By Coyne B.S., Coyne E.J., Lee M.
This booklet offers a problem to feminist views that see the glass ceiling because the specific area of women's careers and paintings existence. The authors tackle latest debates and expand them to incorporate unique empirical proof from a number of US and united kingdom comparative reviews that examine the impression of taking care of dependents (including take care of young children and elder care) upon the careers and aspirations of either women and men.
Read or Download Human Resources, Care Giving, Career Progression and Gender: A Gender Neutral Glass Ceiling PDF
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Extra info for Human Resources, Care Giving, Career Progression and Gender: A Gender Neutral Glass Ceiling
Sufﬁce it to say that the evidence from both countries shows a rapid increase in the number of females entering the workforce over the past two or three decades. Moore (1996) states that ‘Insurmountable social and economic obstacles are put in the way of those who want both careers and families’. In contrast, Hakim suggests that two groups of women have emerged in the past 20 years – those that are career-oriented and those that are homecentred – and states that ‘Women prefer male bosses, reject sex equality in marriage and contentedly depend on men for money as they stay secondary earners in a relationship’.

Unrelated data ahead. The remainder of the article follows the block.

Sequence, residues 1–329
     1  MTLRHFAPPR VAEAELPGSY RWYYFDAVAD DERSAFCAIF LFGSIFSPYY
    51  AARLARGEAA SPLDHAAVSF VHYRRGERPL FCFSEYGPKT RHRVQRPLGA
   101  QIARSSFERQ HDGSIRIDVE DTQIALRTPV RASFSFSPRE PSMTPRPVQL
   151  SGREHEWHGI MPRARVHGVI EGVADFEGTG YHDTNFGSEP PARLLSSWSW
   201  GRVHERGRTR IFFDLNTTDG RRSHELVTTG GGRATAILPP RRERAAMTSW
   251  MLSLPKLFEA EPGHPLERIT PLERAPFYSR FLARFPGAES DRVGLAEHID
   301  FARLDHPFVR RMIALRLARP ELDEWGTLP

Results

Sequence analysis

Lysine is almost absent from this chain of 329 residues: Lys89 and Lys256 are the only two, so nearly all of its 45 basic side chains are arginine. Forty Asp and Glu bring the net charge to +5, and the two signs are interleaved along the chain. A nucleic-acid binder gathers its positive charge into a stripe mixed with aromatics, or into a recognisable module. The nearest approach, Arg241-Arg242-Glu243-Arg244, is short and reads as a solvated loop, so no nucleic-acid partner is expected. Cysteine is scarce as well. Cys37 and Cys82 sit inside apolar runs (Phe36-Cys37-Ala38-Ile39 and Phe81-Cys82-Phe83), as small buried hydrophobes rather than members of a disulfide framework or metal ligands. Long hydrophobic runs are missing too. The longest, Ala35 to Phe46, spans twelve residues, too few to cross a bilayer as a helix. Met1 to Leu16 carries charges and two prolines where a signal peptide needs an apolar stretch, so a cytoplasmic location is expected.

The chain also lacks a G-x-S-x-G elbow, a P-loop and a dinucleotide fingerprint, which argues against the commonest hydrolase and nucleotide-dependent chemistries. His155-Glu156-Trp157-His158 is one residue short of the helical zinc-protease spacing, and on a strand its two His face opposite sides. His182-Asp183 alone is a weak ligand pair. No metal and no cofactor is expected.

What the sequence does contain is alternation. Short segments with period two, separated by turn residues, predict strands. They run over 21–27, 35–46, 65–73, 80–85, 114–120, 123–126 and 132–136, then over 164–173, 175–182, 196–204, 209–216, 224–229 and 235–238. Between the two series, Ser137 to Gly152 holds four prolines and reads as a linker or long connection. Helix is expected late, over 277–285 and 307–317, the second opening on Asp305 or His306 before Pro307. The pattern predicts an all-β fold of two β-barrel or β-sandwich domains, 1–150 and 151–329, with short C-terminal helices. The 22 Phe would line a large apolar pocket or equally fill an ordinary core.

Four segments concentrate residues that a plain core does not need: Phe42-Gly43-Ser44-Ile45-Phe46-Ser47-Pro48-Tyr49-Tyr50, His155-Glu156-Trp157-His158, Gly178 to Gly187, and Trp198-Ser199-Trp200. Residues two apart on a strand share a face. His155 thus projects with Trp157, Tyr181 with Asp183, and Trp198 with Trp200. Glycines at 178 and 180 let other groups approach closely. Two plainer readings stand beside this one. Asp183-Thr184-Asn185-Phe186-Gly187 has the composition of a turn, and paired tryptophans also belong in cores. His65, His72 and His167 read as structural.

Unfortunately, point-by-point comparison of data between the two countries was not possible. The governments of the two countries compile and/or publish their statistics in the breakdowns that meet the interests and needs of their own country and constituents, and the interests and needs of the various UK and US constituencies are apparently somewhat different. Sufﬁce it to say that the evidence from both countries shows a rapid increase in the number of females entering the workforce over the past two or three decades.
Although noting that the glass ceiling is especially imposed upon women, it does not limit the term solely to women and expressly deﬁnes it as a limitation on professional advancement for reasons that are either not readily perceived or not openly acknowledged. Adoption of this deﬁnition of the glass ceiling allows, and in fact encourages, the search for limitations to professional advancement – wherever they may be. A number of possible explanations for the paucity of women in seniorlevel executive positions have been offered for the glass ceiling phenomenon.